letters, documents, folders etc. rather than directories, file
identifiers, etc.
The system should display an appropriate level
of consistency. Commands and menus should have the
same format, command punctuation should be similar,
etc.
Minimal surprise
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If a command operates in a known way, the user should
be
able to predict the operation of comparable commands
В©Ian Sommerville 2004
Software Engineering, 7th edition. Chapter 16
Slide 8
Design principles
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Recoverability
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User guidance
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The system should provide some resilience to
user errors and allow the user to recover from errors. This
might include an undo facility, confirmation of destructive
actions, 'soft' deletes, etc.
Some user guidance such as help systems, on-line
manuals, etc. should be supplied
User diversity
•
Interaction facilities for different types of user should be
supported. For example, some users have seeing
difficulties and so larger text should be available
В©Ian Sommerville 2004
Software Engineering, 7th edition. Chapter 16
Slide 9
Design issues in UIs
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Two problems must be addressed in interactive
systems design
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How should information from the user be provided to the
computer system?
How should information from the computer system be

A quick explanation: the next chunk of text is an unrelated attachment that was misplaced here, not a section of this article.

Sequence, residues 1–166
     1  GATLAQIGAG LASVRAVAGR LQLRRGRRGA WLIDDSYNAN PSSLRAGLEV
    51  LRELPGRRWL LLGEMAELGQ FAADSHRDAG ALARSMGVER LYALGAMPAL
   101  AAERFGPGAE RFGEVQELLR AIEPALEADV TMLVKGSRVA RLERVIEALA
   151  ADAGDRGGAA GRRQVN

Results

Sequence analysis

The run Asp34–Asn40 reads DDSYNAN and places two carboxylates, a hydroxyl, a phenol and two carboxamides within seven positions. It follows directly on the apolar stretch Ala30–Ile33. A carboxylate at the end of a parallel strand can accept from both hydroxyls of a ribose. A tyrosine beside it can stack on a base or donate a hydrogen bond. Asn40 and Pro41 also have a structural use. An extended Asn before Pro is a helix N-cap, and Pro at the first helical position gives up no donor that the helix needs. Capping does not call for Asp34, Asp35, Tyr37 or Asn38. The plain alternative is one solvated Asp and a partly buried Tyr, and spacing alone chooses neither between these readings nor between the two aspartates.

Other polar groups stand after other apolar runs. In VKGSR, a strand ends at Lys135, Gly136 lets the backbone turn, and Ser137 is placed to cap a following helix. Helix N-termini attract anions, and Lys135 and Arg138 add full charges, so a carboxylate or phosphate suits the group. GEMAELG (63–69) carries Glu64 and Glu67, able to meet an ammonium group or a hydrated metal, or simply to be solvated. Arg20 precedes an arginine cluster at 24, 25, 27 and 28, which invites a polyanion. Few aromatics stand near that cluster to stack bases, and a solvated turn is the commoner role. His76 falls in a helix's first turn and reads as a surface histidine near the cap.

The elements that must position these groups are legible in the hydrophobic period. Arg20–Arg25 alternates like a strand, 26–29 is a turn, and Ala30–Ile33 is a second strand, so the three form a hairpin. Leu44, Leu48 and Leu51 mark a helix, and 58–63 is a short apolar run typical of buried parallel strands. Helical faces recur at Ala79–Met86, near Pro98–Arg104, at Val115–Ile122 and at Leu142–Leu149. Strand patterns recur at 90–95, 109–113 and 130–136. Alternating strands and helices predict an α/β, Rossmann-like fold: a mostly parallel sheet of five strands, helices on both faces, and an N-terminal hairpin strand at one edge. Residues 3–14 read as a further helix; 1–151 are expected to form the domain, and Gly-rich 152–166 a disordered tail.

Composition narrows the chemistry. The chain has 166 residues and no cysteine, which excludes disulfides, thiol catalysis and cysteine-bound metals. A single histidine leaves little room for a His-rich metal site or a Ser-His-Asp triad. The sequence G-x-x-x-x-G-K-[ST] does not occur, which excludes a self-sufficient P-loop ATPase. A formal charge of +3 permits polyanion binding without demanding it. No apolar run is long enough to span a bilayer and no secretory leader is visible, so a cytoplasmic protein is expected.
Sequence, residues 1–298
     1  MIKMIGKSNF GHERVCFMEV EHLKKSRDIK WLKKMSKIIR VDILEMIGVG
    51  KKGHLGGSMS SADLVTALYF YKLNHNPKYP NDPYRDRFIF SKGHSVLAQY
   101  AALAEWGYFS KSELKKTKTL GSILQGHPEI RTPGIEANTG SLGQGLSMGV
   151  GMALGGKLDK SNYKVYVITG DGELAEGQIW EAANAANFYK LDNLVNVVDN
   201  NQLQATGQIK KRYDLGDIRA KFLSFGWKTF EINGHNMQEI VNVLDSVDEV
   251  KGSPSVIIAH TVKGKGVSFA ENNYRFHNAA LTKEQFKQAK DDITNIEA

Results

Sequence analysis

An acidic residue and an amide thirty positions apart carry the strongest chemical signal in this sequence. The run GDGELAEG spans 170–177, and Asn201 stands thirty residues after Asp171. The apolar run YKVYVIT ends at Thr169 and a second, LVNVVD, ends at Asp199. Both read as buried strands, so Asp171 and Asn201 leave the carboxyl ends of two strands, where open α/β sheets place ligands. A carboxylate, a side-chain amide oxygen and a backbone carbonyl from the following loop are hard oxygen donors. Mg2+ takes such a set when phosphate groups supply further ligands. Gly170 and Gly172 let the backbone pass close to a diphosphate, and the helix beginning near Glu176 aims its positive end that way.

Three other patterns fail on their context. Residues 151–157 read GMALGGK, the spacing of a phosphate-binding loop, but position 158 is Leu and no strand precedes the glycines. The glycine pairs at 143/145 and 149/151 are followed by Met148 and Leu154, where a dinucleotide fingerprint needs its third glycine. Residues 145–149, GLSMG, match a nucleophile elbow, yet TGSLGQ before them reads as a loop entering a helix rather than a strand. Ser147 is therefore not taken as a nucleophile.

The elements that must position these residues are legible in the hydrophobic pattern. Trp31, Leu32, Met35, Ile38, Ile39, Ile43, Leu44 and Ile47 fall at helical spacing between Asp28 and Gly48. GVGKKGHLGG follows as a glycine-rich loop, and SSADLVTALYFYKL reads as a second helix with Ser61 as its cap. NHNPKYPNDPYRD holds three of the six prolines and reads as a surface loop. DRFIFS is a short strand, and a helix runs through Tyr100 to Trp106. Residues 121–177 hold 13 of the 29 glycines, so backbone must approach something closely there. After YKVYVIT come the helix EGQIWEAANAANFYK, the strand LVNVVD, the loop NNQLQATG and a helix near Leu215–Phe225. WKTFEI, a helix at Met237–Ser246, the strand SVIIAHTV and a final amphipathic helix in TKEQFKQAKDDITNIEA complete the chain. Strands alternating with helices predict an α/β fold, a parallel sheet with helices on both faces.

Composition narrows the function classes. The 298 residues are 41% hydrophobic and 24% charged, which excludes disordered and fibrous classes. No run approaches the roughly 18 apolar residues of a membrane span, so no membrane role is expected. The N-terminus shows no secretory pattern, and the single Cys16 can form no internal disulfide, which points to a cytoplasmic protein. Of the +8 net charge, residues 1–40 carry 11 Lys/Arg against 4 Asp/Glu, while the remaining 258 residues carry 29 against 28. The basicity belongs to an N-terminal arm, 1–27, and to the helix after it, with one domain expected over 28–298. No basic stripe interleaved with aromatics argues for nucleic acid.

presented to the user?
User interaction and information presentation may
be integrated through a coherent framework such as
a user interface metaphor.
В©Ian Sommerville 2004
Software Engineering, 7th edition. Chapter 16
Slide 10
Interaction styles
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Direct manipulation
Menu selection
Form fill-in
Command language
Natural language
В©Ian Sommerville 2004
Software Engineering, 7th edition. Chapter 16
Slide 11
Interaction styles
Int erac ti on
style
Ma in a d va nt ages
Ma in dis adva nt ages
A ppli cat ion
exa mpl es
D ir ec t
m an ipu lati on
F as t and in tuiti ve
interac ti on
E asy t o lea rn
M a y be ha rd to im p leme nt .
On ly su it ab le wher e the re is a
visu a l m etapho r for tasks and
ob jec ts .
V ideo ga m es
CA D sys tem s
M e nu
sel ec ti on
Avo ids us e r e rro r
L ittl e t yp ing requ ire d
Sl ow for expe ri enc e d u ser s.
C a n beco me co m plex i f m any
m enu opt ion s.
Mo st g e ner a lpu rpose sy st em s
F or m f ill-i n
Sim pl e da ta en tr y
E asy t o lea rn
Ch e ckab le
T akes up a lot o f sc reen spa c e.
C a use s p rob lem s whe re u ser
op ti ons do no t m atch the f or m
fi elds .
St ock c ont ro l,
P ersona l l oan
p roces si ng
Co mm and
language
P owe rfu l and fl ex ible
Ha rd to l ea rn.
P oor erro r m a nage m en t.
Ope rati ng sys tems ,
Co mm and and
con tr o l sys tem s
Na tural
language
Acc e ssib le to c asu a l
us e rs
E as il y e xtended
R e qui res m ore typ ing .
Na tural la nguage und e rst and ing
sy st em s are un reli ab le.
Info rm ati on
retriev al sys tem s
В©Ian Sommerville 2004
Software Engineering, 7th edition. Chapter 16
Slide 12
Multiple user interfaces
Gr a phic al user
inter f ace
Unix shell
( Gnom e/KDE )
( ksh/c sh)
X- windows GU
m ana ger
inter f ace
Com m and
I
langua ge
inter pret er
Linux ope rat ing syst em
В©Ian Sommerville 2004
Software Engineering, 7th edition. Chapter 16
Slide 13
LIBSYS interaction
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Document search
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Users need to be able to use the search
facilities to find the documents that they need.
Document request
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Users request that a document be delivered to
their machine or to a server for printing.
В©Ian Sommerville 2004
Software Engineering, 7th edition. Chapter 16
Slide 14
Web-based interfaces
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Many web-based systems have interfaces
based on web forms.
Form field can be menus, free text input,
radio buttons, etc.
In the LIBSYS example, users make a
choice of where to search from a menu and
type the search phrase into a free text field.